This ride covers some beautiful scenery. Normally we’d be able to do it in about 5 hours, and it’s worth the effort if you don’t mind getting your feet wet!

Climbing Northbrook ParkwayMount Tension Woods14032010171Kobble CreekKobble Creek

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Saturday, March 13, 2010

The Mailmans Track

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I rode out to Samford this morning via Winn Road, and came back via the Mailman’s Track and Bunya Road.

The Mailman’s Track is wonderfully hilly (just the thing for a Saturday morning bike ride), and leads into some beautiful state forest along Bunya Road.

Although the area is called “Bunya” I had a hard time finding any Bunya Pines (Araucaria Bidwilli). So I was delighted to find a couple of majestic specimens by the side of the road.

The aborigines used to harvest the nuts from these trees for food. They drop their huge 5-10kg cones in abundance every three years, so you have to be careful standing under them in late summer!

Cedar CreekSteep Climb AheadThe Mailman's TrackBunya Pine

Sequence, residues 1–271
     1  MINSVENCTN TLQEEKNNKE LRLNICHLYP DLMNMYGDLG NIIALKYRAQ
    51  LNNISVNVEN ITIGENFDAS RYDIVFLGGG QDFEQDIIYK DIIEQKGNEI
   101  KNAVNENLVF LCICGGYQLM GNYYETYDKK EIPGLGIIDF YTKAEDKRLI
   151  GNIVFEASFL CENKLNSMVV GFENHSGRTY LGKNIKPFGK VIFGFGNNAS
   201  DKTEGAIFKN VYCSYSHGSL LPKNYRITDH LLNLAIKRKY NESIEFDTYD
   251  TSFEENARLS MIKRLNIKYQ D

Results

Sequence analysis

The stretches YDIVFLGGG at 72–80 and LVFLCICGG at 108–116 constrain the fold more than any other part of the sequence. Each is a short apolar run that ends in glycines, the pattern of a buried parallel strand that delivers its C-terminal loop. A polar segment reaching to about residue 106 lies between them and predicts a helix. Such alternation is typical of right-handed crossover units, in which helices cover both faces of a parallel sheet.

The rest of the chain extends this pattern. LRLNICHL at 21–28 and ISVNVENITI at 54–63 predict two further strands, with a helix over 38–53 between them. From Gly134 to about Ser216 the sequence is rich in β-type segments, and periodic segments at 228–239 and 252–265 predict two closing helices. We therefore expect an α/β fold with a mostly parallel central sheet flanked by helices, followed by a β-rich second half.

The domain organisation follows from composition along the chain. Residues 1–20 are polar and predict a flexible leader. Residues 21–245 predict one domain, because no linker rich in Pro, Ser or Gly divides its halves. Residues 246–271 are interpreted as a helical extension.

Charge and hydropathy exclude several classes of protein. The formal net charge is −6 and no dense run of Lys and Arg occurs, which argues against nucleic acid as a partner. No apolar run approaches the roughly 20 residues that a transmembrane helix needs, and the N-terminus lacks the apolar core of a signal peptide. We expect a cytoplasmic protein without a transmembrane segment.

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Wednesday, March 10, 2010

Hoop Pine at John Oxley Reserve

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This is the only remaining Hoop Pine (Araucaria Cunninghamii) at John Oxley Reserve, Murrumba Downs, on the north bank of the North Pine River about 2km west of Petrie.

John Oxley came ashore here on 1 December 1823. He was impressed with many “fine cypresses” he saw there referring to the Hoop Pines. This was the first reference to the species, which was later cataloged by English botanist and explorer, Allan Cunningham.

The first settlers loved these huge trees for their long straight trunks which were ideal for ship masts or any buildings which required large quantities of long straight timber.

Today if you drive down Gympie Road, Strathpine, you’ll see the road lined with dozens of Hoop Pines on either side – a fitting tribute to this majestic tree, native to this area.

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Sunday, March 07, 2010

Kobble Creek

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The purpose of this ride was to find a route from Kobble Creek up to Mt Glorious. There’s a road visible on Google Maps, but as we found out, it disappears into private property.

Due to recent rain, we had to cross a few flooded creeks. The bikes held up really well until the last crossing, when the current snapped my read derailleur off.

The area around Kobble Creek is beautiful. In drier weather it would be a really pleasant ride, with some challenging hills greater than 17% gradient. When they’re not swollen, some of those creeks look like they’d be really fun to swim in too.

But to be honest, crossing flooded creeks is a pretty stupid thing to do. If you slip, it would be easy to be washed away or lose your bike. And even if you do make it across, there’s a good chance you’ll damage your bike.

So I’m going to be a bit more sensible in future.